FIG. 14 shows a vertical deflection circuit. The sync pulses trigger each cycle and keep the sweep in sync with the picture, when applied to the oscillator base circuit. The oscillator feeds a vertical pulse to the vertical output IC. The IC processes and compares the vertical signals in order to maintain a proper vertical output. The output moves to the vertical deflection yoke windings to ‘sweep’ the picture tube beam.

FIG. 15 shows a horizontal deflection circuit. Here the oscillator is synchronized by a DC voltage from the AFC circuit. This voltage corrects deviations of the oscillator frequency and phase. In the output stage, a power type transistor is used, which produces horizontal blanking to cut off the picture tube beam during retrace, current for pincushion magnets, heater current for the picture tube and pulses for the high-voltage power supply. The transistor can also be a source for a low-voltage power supply.


FIG. 14. Vertical deflection circuit.


FIG. 15. Horizontal deflection circuit.

Sound

FIG. 16 shows a block diagram of a sound section. In the video IF signal, the sound and video carriers are 4.5 MHz apart. The IF signal, which contains both signals, is fed to a separate detector in which the two signals are mixed, or heterodyned. The resulting difference heterodyne, based at 4.5 MHz, is used as the sound IF signal. To keep the FM sound modulation dominant in the 4.5 MHz sound IF signal, the high-frequency sound IF signal is maintained at a lower level than the video IF signal. Then, the 4.5 MHz IF signal is amplified and moved to the FM demodulator. The AF signal that results is then amplified in a regular amplifier.

The AF section is either all or partly included in an IC in nearly all television receivers. FIG. 16 shows an AF division into two ICs. FIG. 17, on the other hand, shows a circuit in which all AF components and the sound IF amplifier are included in one IC. The three main functions accomplished in the signal IC are illustrated in FIG. 17(A) and (B). Only the sound IF amplifier and demodulator are included in the IC in FIG. 18. Discrete components are used in the AF stages that follow.


FIG. 16. Television sound system.


FIG. 17. An IC sound section showing (A) major portions of the IC, and (B) an example circuit using ICs.


FIG. 18. In this sound section, only the sound IF amplifier and demodulator are included in the IC.

Power Supplies

Low-voltage and high-voltage are the two power supplies used in a TV receiver. Low-voltage supplies provide current to the screen grids of the picture tube, to transistors, and to other devices requiring voltage in the 5- to 200-V range. The high-voltage power supply, 20 to 30 kV, is used for the anode and for the focus anode of the picture tube, 5 to 15 kV. All high- voltage (HV) supplies, and a few low-voltage ( LV) supplies, get their input from the horizontal output stage. Filtering is much simpler than with 60 Hz supplies because this current is at a frequency of 15,734 Hz. Some kind of 60 Hz supply must always be used, however, because current is needed to provide energy for the 15 kHz supplies, to operate the horizontal deflection section.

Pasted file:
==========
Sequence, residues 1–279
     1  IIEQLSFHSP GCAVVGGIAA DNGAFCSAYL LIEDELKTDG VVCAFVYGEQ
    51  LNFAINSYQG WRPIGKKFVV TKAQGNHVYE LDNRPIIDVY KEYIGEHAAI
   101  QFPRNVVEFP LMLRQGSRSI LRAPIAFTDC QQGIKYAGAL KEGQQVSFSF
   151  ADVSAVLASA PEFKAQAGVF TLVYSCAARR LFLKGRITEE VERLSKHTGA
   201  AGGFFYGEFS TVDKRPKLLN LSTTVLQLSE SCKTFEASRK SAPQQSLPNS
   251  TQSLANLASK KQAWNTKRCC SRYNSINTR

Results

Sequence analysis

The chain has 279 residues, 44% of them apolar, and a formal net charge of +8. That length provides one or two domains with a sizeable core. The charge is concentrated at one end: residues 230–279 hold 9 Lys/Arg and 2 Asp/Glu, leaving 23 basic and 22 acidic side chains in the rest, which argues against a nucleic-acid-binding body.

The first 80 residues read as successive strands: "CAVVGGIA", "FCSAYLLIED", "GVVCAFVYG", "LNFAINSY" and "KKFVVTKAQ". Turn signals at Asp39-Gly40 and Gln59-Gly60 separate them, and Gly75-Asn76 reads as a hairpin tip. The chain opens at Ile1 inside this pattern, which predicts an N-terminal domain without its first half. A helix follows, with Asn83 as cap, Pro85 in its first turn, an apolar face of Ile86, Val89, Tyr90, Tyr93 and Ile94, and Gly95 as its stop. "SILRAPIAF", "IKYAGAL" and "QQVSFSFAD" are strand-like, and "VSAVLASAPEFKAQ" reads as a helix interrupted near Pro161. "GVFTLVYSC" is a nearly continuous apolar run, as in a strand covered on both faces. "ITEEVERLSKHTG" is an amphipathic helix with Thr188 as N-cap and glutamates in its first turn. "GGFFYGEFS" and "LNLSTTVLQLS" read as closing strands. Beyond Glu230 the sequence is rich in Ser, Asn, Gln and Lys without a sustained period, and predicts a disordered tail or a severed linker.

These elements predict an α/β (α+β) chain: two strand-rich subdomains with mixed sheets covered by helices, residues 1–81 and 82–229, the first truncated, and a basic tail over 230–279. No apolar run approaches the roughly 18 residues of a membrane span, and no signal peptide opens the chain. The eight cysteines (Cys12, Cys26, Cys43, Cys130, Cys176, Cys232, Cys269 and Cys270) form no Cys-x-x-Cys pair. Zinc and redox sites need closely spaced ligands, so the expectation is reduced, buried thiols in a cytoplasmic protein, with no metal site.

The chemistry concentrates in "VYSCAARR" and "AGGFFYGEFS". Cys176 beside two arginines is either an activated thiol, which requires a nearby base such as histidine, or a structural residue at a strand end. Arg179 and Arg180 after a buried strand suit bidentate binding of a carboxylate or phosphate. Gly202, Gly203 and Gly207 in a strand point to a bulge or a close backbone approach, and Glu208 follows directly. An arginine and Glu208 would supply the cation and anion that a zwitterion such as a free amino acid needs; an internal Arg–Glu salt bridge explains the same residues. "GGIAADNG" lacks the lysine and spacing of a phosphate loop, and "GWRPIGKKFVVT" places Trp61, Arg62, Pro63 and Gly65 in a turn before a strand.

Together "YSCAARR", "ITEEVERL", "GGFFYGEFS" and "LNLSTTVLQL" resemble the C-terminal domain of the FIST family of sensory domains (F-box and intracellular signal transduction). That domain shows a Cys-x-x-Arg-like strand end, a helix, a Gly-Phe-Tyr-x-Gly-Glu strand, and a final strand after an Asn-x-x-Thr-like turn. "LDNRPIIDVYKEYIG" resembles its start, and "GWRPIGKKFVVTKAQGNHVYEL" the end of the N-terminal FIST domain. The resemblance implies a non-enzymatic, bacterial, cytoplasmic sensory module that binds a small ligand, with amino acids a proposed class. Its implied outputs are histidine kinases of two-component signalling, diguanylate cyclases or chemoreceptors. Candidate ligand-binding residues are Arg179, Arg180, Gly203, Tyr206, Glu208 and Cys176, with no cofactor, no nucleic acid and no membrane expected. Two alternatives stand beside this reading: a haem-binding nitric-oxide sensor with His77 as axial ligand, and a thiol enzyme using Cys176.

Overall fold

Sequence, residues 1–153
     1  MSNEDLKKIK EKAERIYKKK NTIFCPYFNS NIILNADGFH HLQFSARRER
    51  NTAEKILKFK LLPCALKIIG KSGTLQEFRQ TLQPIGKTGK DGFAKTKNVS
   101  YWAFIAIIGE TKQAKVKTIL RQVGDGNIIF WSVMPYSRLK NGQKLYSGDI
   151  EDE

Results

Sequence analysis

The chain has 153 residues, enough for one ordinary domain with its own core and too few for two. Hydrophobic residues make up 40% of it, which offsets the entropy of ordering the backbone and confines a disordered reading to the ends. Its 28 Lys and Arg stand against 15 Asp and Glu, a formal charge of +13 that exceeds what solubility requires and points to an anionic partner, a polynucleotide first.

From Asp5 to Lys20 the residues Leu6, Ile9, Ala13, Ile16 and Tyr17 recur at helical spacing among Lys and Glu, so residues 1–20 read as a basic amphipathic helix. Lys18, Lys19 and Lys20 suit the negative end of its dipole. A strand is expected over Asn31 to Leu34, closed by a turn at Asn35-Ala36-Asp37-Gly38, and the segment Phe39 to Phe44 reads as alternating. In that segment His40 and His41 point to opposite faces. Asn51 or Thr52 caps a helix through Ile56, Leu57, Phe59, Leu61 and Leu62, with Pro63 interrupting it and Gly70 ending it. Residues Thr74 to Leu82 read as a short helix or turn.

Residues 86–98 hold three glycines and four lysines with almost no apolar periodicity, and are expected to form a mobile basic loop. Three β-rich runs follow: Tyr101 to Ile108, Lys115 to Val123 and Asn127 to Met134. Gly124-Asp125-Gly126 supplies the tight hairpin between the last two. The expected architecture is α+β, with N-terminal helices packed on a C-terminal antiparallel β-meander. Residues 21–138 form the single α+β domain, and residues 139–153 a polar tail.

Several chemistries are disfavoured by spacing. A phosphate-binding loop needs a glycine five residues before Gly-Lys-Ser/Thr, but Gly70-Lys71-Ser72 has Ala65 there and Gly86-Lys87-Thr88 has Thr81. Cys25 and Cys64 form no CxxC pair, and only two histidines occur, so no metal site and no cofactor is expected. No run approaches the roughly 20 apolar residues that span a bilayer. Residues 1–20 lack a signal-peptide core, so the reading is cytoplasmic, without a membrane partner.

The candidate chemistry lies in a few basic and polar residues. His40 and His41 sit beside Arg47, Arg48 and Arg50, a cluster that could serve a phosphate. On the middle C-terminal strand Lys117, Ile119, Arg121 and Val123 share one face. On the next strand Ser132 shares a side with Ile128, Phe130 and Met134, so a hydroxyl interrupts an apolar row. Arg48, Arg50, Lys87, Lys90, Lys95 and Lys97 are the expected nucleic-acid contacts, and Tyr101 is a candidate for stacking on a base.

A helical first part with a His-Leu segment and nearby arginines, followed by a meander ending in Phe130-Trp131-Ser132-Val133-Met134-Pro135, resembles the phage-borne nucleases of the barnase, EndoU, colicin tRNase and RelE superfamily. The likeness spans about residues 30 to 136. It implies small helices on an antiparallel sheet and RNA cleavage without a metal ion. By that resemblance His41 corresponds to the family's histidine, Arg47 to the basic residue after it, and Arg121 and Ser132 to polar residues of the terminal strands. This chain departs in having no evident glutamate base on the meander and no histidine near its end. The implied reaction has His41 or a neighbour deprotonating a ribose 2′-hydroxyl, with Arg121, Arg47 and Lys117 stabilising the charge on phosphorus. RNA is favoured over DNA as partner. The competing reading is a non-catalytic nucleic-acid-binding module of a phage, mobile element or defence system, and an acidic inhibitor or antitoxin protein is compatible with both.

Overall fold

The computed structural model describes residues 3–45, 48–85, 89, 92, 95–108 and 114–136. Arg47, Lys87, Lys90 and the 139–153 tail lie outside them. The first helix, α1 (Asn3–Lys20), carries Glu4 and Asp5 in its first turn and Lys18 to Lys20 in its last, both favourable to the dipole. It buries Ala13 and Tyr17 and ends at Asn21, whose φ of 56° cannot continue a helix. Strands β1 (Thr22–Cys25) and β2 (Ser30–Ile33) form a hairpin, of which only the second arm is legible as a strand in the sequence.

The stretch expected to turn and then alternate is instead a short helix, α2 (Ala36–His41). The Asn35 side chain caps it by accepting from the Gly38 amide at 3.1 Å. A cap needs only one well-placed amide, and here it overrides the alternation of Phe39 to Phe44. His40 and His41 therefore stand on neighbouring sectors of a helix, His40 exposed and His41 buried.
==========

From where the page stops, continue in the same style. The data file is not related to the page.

FIG. 19 shows the configuration of the 60 Hz LV power supply. In this example, a bridge rectifier supplies a 130 V regulator. These voltages are used to provide the necessary power for the horizontal deflection circuit. FIG. 20 shows the other type of LV supply, operating from the horizontal output circuit. In this case, the AC voltages are taken from the transformer at the output of the horizontal output transformer. Note that a Zener diode regulator is used for the 12 V output.


FIG. 19. The use of a 60 Hz low-voltage power supply.

High-voltage power supplies get their power from the horizontal output stage. A winding on the horizontal output transformer, or an extension of another, provides high-voltage pulses that are rectified or passed into a voltage multiplier. This in turn steps up the voltage while rectifying the signal. A typical high-voltage power supply circuit is shown in FIG. 21. Focus and screen voltages, needed for the picture tube, are also obtained from this supply.

Chroma Amplifier

The chroma, or chrominance amplifier (also called a bandpass amplifier) receives the signal from the video amplifier. This amplifier separates the chrominance side bands from the rest of the video signal. FIG. 2shows the frequency arrangement of the side band signals. The chroma side bands are part of the video signal, forming a modulated signal that must be de modulated in order to receive the chroma signals.

In FIG. 2(B), note that the chroma side bands are in the upper part of the video IF spectrum, from 3 MHz and up. So these side bands are de modulated and used properly, they are separated from the luminance video (Y signal) occupying the range under 3 MHz. The chroma amplifiers job is to handle this separation. The amplifier circuit itself is not much different from the video amplifier, but its constants limit response to the 1 MHz between 3 and 4 MHz.


FIG. 20. Here the power supply receives input from horizontal deflection.

Color Sync

Demodulating the chrominance side bands requires the use of subcarriers to produce color signals that can be used at the picture tube. The subcarrier signal phases must be in sync in relation to a burst signal along each horizontal pulse. The color sync portion of the television receiver separates the color burst signals from the video signal, creates its own subcarrier signal and attaches it to the burst signal, and applies the resulting signal to the demodulator.

When the original signal is produced in the television studio, the camera captures the color and sends the signal to a modulator. The modulator circuit combines the three color signals into one color signal. This circuit also produces a color sync signal. The color signal is then called a color modulated signal. The color sync (color burst) signal is an unmodulated 3.58 MHz carrier. See Section 5 for more details.